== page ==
Ignoring the rangefinder’s limitations

Rangefinders have specific rules they follow. They can only measure distances up to a certain limit and are designed to work with specific sizes of targets. It’s important to understand these rules and not expect the rangefinder to do things it can’t. If you try to measure distances that are too far or objects that are too small for your rangefinder, it won’t give you accurate results.

Incorrect target identification

It’s easy to make a mistake and think something is your target when it’s actually something else. Before using the rangefinder, you need to be absolutely sure about what you’re aiming at. If you accidentally measure the distance to the wrong thing, it can mess up your aim and make you miss the target.

Not practicing with the rangefinder

Using a rangefinder takes practice to get good at it. Some people make the mistake of only relying on the rangefinder without getting better at shooting. It’s like using a calculator without understanding math. To improve your accuracy, it’s important to practice using the rangefinder in different situations and distances. This helps you become familiar with how it works together with your rifle scope and makes you better at hitting your target.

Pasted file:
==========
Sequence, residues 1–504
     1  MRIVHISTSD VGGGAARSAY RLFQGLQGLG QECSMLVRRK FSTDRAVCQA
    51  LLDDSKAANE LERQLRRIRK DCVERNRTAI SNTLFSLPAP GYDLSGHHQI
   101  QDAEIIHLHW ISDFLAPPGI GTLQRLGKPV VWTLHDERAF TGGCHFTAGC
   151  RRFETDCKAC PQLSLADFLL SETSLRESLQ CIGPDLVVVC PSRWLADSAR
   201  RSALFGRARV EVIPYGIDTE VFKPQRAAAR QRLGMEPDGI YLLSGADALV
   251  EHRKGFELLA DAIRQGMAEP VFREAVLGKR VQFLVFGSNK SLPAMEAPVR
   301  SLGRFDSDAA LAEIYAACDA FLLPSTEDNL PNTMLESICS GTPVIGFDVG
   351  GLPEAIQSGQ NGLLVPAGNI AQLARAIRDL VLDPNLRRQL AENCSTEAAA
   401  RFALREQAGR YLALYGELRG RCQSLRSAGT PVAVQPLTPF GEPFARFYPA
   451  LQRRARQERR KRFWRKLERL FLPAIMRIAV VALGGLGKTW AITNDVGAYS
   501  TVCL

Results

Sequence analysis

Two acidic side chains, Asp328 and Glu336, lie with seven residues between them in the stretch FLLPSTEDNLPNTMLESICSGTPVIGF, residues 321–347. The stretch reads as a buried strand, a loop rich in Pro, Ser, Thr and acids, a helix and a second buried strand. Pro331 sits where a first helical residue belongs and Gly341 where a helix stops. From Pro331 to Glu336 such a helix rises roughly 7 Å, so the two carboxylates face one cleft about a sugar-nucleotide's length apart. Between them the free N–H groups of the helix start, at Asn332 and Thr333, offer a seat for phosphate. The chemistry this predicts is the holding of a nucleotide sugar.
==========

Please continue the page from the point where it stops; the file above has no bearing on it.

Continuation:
Improper battery management

Rangefinders need batteries to work, just like your TV remote or a flashlight. If you don’t take care of the batteries, they might die unexpectedly when you need them the most. To avoid this, it’s important to have spare batteries with you, keep them charged up, and replace them regularly. That way, your rangefinder will always be ready to use when you want to measure distances accurately. 


How does a rangefinder work with a rifle scope?

A rangefinder works by using lasers or other methods to measure the distance between you and your target. When you look through and activate the rangefinder, it emits a laser beam or uses other technology to calculate the time it takes for the beam to reach the target and bounce back. This information helps you determine the exact distance to your target, allowing you to adjust your aim accordingly.

Can I use any rangefinder with my rifle scope?